"Bullet" or Nose Cap[edit | edit source]
This piece is optional and not all aircraft use it. But I'll show you how to make it since it's very simple.
First start with a sphere that is the same diameter as the hub section, and position the sphere such that its "equator" is where the bullet will connect.
Now select the vertex at the top pole of the sphere. Select move, then alt-click on Y for a magnet move. Set the magnet boundary to the edgeloop one step below the "equator". Now move the vertex up and down and change magnet modes for different shapes. Pick one that's suitable.
Loop cut off the other half that's not visible, and set edges to hard. Inset (via contour) the remaining face and collapse.
Pretty simple, isn't it?
UV Mapping[edit | edit source]
Typically, you can use front and rear projection to produce two halves for a map. In most cases, this "simple" mapping method works well for propellers.
In this particular case, mapping via body mode is probably the best way to go. So select the propeller in body mode and pick UV mapping.
A new window should pop up over the main geometry window. Although it looks the same as the geometry window, this is used for segmenting the UV maps instead. Thus you can pick different areas and assign them to different charts.
Notice that you have an edge mode and face mode in the segmenting window. The face mode has multiple charts which can be applied like materials. The edge mode has the ability to mark/or unmark edges for cut. Also note that any hard edges may also automatically be marked for cut. We don't always want this behavior, so you may want to unmark any green edges you find at this time.
There is also a Segment By option, this can map things automatically. But in this case, it's probably better to do it manually.
If you kept good edge flow when modeling the propeller tips, there should be a loop that goes around the "sharp" edges of the propeller. Select that edge loop and mark it for cut.
Next, find the faces on the sides of the propeller hub and set them to a separate chart. This is done because the way we will project to generate the maps would cause heavy stretching/distortion in those areas otherwise.
Now its time to start charting. But just before starting with the option to create the chart, hit the O key for Orthographic and then hit Y for the top down Y-axis view. After those two things are done, pick continue and then projection camera. (The camera projection is why we switched to orthographic. Otherwise there would be perspective distortions introduced into the chart templates.)
When it's done projecting charts, the segmenting window will disappear and a new charting window will pop up. This is where you will move the templates around. Note that the way it places and scales things automatically isn't always the best one.
Move in close and select these little bits. (In the charting window: scrolling/dragging MMB zooms, clicking MMB pans.) Notice that in the main window (provided you don't resize or position the charting window to obstruct it) they correspond to the separate segments we placed on the propeller hub earlier. Having both windows visible at the same time is useful for figuring out what "mystery" bits may be. (But since we didn't automatically chart, there shouldn't be any mystery bits in this case.)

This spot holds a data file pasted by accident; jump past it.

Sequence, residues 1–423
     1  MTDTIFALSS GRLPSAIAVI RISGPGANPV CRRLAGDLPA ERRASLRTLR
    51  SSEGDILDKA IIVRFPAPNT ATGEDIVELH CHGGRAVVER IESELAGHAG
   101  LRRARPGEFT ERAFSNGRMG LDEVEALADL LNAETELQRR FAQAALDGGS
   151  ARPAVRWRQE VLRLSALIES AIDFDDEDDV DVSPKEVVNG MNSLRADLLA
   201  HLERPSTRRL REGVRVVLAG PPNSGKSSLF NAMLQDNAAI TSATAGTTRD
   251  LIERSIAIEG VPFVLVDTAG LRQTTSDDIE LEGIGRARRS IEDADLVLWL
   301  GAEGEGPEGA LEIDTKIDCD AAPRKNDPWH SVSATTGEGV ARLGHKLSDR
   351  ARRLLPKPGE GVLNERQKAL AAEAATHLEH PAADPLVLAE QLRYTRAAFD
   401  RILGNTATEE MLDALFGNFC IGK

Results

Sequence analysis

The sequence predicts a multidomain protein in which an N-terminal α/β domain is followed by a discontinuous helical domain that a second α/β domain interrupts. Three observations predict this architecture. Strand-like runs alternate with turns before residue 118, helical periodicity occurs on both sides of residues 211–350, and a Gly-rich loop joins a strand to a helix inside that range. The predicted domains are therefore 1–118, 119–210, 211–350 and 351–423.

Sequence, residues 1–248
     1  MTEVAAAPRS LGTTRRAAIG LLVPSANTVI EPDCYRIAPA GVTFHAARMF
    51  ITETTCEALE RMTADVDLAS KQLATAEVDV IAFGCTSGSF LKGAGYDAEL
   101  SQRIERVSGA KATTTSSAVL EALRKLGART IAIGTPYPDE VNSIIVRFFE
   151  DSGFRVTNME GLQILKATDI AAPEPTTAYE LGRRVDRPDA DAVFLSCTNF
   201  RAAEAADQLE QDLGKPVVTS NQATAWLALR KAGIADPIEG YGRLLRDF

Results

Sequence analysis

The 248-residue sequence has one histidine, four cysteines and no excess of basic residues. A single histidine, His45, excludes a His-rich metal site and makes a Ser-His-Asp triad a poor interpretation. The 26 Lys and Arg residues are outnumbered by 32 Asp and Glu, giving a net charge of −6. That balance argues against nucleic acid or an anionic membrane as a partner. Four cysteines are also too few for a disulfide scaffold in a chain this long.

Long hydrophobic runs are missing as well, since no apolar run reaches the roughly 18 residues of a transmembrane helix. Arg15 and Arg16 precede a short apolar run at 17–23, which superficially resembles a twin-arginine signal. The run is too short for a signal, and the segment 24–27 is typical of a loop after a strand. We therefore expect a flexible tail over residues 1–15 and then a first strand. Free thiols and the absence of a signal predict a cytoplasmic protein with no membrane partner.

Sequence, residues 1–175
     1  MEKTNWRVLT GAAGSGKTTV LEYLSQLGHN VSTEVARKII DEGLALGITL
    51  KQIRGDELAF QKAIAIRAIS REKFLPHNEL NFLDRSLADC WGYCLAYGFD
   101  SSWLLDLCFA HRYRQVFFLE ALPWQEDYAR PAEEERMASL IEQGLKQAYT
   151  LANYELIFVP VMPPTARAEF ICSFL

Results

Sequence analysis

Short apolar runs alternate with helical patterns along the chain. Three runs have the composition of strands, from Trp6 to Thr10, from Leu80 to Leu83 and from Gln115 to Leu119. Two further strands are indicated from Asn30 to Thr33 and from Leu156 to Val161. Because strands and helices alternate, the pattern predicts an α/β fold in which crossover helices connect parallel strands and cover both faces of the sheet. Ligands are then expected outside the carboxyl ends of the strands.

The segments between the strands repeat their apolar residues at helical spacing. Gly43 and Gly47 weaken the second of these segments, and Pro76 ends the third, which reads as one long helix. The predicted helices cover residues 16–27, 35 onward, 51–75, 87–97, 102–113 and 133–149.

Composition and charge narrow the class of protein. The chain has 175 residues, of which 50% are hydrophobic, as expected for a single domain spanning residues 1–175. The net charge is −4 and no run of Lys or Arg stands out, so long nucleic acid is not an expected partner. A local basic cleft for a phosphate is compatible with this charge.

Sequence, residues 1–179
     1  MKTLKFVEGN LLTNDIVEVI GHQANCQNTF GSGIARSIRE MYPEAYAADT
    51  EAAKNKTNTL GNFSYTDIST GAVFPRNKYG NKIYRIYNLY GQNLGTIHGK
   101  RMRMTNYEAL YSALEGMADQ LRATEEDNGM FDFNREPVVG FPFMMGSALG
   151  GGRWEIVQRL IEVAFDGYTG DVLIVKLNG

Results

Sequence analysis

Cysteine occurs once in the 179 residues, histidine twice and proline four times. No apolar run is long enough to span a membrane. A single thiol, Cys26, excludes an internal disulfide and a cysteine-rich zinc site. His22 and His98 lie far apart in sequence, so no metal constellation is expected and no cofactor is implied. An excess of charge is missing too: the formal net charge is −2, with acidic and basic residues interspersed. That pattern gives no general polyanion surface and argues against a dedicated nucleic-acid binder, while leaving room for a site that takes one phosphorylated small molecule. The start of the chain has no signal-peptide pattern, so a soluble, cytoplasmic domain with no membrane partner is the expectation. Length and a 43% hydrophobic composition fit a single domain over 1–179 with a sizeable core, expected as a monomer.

In the charting window, we'll remap the bits because they're projected side on right now. Pick the project normal option under remap on the charting window right click menu. They should change to something like this.
Next reposition the charts to something like this. The little side pieces can be matched up by looking on the main window. The colored alphabet blocks also help in matching up pieces that fit.
Now scale the side piece bits to match up properly in size. Comparing the edge spacing should be a good clue in regards to how much they should be scaled up.
At this stage of mapping, the top and bottom groupings should look something like this.
Now position and scale the chart groupings to take advantage of the most space in the square. Yet note that you still need room around and between things. This room is necessary to allow slight overpainting of the templates when texturing. Hint: To rotate or scale charts while keeping their spatial relationships, switch to vertex mode first.
Now it's time to create a texture. Note the options available and feel free to explore them. Personally, I don't like texuremap guide templates smaller than 512x512 because they tend to pixelate. But you do have the option to generate smaller ones if needed. Other options like edge color, using a different background or color, etc. can be useful too.
When done creating texture, you should have something similar to this. For some wierd reason, I like my guides remniscent of blueprints. So I have blue lines on a white background. But you can do it however you want. Also note that in most compression formats, having light lines on a black background actually makes a smaller file as RGB (0,0,0) zeros out. But this is arbitrary that you can decide for yourself. All later painting or other texture work requires the use of a 2D program. (Good examples are: GIMP, PhotoShop, InkScape, Illustrator, Paint Shop Pro, Dogwaffle, Corel Paint, MS Paint, etc.) When overpainting a template guide during texturing, I recommended to always use a new layer in the 2D app if it's possible.
Now you can close the UV charting window. Provided materials and textures are turned on in the view menu, you should see them visible on the model. You will also see the UV material and texture listed in the outliner. Also note that you are free to rename those things in the outliner, so don't hesitate to do so if the automated conventions are not to your own liking.
That wraps up UV mapping in regards to making a propeller. That wasn't so hard, was it?